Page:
Economic Analysis and the Design of Constitutional Courts

41 Pages Posted: 29 May 2001  

Tom Ginsburg

University of Chicago Law School

Abstract

Though nominally exercised on behalf of citizens, constitutional judicial review also performs an insurance function for politicians who see themselves losing power in future elections. This paper discusses the various dimensions of institutional design of constitutional courts and argues that the extent and power of judicial review should increase with political uncertainty at the time of constitutional design. The paper then develops a simple empirical test of this hypothesis using data from Eastern Europe, regressing measures for various aspects of court design on the strength of the largest party in the legislature. The paper shows that the design of constitutional courts reflects the interests of dominant political parties, and that more independent and powerful courts are associated with situations of divided or deadlocked politics.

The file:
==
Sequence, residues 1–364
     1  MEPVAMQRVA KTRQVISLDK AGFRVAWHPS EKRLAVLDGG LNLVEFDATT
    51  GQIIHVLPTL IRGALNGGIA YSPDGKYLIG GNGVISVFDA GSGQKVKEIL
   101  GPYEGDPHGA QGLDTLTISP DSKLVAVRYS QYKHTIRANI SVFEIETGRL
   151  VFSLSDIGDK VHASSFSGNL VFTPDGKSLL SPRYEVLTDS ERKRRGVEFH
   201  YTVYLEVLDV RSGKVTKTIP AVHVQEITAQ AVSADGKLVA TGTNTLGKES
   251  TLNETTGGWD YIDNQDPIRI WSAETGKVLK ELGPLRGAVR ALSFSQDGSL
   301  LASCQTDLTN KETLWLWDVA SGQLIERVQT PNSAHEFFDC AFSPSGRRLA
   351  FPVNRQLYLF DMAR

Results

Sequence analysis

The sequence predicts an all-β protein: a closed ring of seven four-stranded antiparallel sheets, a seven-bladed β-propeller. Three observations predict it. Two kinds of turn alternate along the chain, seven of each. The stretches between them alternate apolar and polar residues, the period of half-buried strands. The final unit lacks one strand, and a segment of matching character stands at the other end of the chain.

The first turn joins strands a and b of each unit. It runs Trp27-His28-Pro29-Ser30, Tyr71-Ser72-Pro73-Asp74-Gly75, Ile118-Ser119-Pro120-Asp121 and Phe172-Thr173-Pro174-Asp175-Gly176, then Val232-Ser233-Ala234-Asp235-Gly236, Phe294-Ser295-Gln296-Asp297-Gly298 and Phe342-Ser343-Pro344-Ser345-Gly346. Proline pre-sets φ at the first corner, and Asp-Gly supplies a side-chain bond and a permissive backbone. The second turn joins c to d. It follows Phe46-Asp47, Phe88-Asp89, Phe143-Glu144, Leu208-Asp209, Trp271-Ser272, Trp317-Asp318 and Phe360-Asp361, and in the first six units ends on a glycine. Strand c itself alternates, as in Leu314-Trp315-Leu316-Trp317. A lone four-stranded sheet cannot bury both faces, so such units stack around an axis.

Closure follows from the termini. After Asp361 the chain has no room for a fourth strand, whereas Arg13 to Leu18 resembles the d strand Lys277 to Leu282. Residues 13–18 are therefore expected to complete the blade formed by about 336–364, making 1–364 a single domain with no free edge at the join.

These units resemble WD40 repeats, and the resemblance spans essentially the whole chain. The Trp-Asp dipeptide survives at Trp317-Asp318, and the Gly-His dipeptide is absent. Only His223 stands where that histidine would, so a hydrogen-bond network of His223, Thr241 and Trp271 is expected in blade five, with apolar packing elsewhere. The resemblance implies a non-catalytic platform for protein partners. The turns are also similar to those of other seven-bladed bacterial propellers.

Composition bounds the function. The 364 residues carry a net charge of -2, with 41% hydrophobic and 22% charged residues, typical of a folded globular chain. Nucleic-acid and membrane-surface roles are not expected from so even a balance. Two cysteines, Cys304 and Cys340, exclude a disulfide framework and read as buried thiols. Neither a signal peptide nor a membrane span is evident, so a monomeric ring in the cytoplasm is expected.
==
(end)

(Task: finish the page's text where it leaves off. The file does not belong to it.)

Suggested Citation

Ginsburg, Tom, Economic Analysis and the Design of Constitutional Courts. Theoretical Inquiries in Law, December 2001. Available at SSRN: https://ssrn.com/abstract=271270 or http://dx.doi.org/10.2139/ssrn.271270

Tom Ginsburg (Contact Author)

University of Chicago Law School ( email )

1111 E. 60th St.
Chicago, IL 60637
United States

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